St. Nicholas Church

Deventer, Netherlands

The Mountain Church or Saint Nicholas Church is a Romanesque basilica built between 1198 and 1209 and consecrated to Saint Nicholas. In the 15th century the Mountain Church underwent several renovations, which gave it a more late Gothic appearance. The two characteristic tower spires are built in that period. The lower part is still original. In 1580 the Dutch Reformed Church took the temple and renamed it the Mountain Church. All catholic features were removed from the interior, which was very common to do. The wall paintings were covered with white chalk.

In 1967 the church was disestablished and its property transferred to the Municipality of Deventer. The building is used as an exhibition center and concert hall. From 1991 until 2005, the church was used for temporary exhibitions by Museum de Fundatie.

References:

Comments

Your name



Details

Founded: 1198-1209
Category: Religious sites in Netherlands

More Information

en.wikipedia.org

Rating

4.5/5 (based on Google user reviews)

User Reviews

Erik Jan Langkamp (2 years ago)
Prachtige kerk met vaak mooie exposities/tentoonstellingen.
Margot De Jonge (2 years ago)
Prachtig nationaal vrouwenkoor to 30 Jr. zingende kerstliederen van componisten.
Eugen Martynov (4 years ago)
It is interesting. It stays on the hill and dominates above the cite. Quite spacious and light. I can not say for the acustica but I would expect it is also good. So if you're visiting Deventer then definitely check it!
Tim Kattevilder (5 years ago)
Beautiful quaint church. Has a lot of non permanent/changing exhibitions inside.
Eswarkumar Kantheti (5 years ago)
Very Nice!
Powered by Google

Featured Historic Landmarks, Sites & Buildings

Historic Site of the week

Cesis Castle

German crusaders known as the Livonian Brothers of the Sword began construction of the Cēsis castle (Wenden) near the hill fort in 1209. When the castle was enlarged and fortified, it served as the residence for the Order's Master from 1237 till 1561, with periodic interruptions. Its ruins are some of the most majestic castle ruins in the Baltic states. Once the most important castle of the Livonian Order, it was the official residence for the masters of the order.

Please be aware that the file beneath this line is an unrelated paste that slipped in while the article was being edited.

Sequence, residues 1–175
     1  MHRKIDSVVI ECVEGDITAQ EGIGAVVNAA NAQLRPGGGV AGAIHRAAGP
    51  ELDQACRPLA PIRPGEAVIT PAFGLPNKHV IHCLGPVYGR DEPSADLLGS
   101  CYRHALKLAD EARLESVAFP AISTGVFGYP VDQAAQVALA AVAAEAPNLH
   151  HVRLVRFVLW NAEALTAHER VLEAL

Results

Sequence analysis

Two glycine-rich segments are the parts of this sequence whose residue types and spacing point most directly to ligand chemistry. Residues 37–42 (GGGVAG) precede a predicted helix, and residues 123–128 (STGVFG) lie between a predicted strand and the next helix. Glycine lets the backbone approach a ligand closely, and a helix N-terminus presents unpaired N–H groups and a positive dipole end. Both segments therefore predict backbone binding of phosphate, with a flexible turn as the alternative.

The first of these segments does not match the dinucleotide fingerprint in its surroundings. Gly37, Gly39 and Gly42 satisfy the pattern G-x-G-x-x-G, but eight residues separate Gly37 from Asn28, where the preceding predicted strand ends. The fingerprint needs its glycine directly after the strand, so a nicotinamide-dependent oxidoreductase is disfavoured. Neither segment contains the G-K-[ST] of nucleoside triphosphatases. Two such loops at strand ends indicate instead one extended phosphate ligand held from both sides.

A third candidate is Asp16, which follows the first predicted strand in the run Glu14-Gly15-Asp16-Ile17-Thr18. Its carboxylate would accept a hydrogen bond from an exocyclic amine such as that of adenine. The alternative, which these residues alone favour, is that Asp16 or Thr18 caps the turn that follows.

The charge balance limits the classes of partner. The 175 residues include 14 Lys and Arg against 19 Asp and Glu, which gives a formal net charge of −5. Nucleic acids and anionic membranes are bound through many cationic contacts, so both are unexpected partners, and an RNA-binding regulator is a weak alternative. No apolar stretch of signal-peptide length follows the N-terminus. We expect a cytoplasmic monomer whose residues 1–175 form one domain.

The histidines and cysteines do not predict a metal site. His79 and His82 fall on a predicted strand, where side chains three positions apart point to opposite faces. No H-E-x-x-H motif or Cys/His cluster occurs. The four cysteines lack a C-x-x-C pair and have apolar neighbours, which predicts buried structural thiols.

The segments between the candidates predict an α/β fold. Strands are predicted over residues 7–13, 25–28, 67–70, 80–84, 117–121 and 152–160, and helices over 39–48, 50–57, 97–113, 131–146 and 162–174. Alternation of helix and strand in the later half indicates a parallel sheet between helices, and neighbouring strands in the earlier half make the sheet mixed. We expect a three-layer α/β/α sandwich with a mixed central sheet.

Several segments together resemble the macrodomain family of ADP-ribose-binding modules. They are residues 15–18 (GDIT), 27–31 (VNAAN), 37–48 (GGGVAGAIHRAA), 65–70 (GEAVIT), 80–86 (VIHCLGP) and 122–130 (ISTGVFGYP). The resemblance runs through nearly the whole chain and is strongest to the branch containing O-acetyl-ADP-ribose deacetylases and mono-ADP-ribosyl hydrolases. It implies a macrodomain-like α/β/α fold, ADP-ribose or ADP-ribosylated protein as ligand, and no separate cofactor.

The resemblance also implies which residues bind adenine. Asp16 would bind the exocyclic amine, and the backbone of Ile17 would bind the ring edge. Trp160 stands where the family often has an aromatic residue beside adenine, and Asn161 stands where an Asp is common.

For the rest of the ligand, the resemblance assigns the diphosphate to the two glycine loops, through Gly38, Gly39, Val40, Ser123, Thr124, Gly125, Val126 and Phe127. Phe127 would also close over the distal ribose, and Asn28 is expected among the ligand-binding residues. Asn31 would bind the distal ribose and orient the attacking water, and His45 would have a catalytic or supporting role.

In 1577, during the Livonian War, the garrison destroyed the castle to prevent it from falling into the control of Ivan the Terrible, who was decisively defeated in the Battle of Wenden (1578).

In 1598 it was incorporated into the Polish-Lithuanian Commonwealth and Wenden Voivodship was created here. In 1620 Wenden was conquered by Sweden. It was rebuilt afterwards, but was destroyed again in 1703 during the Great Northern War by the Russian army and left in a ruined state. Already from the end of the 16th century, the premises of the Order's castle were adjusted to the requirements of the Cēsis Castle estate. When in 1777 the Cēsis Castle estate was obtained by Count Carl Sievers, he had his new residence house built on the site of the eastern block of the castle, joining its end wall with the fortification tower.

Since 1949, the Cēsis History Museum has been located in this New Castle of the Cēsis Castle estate. The front yard of the New Castle is enclosed by a granary and a stable-coach house, which now houses the Exhibition Hall of the Museum. Beside the granary there is the oldest brewery in Latvia, Cēsu alus darītava, which was built in 1878 during the later Count Sievers' time, but its origins date back to the period of the Livonian Order. Further on, the Cēsis Castle park is situated, which was laid out in 1812. The park has the romantic characteristic of that time, with its winding footpaths, exotic plants, and the waters of the pond reflecting the castle's ruins. Nowadays also one of the towers is open for tourists.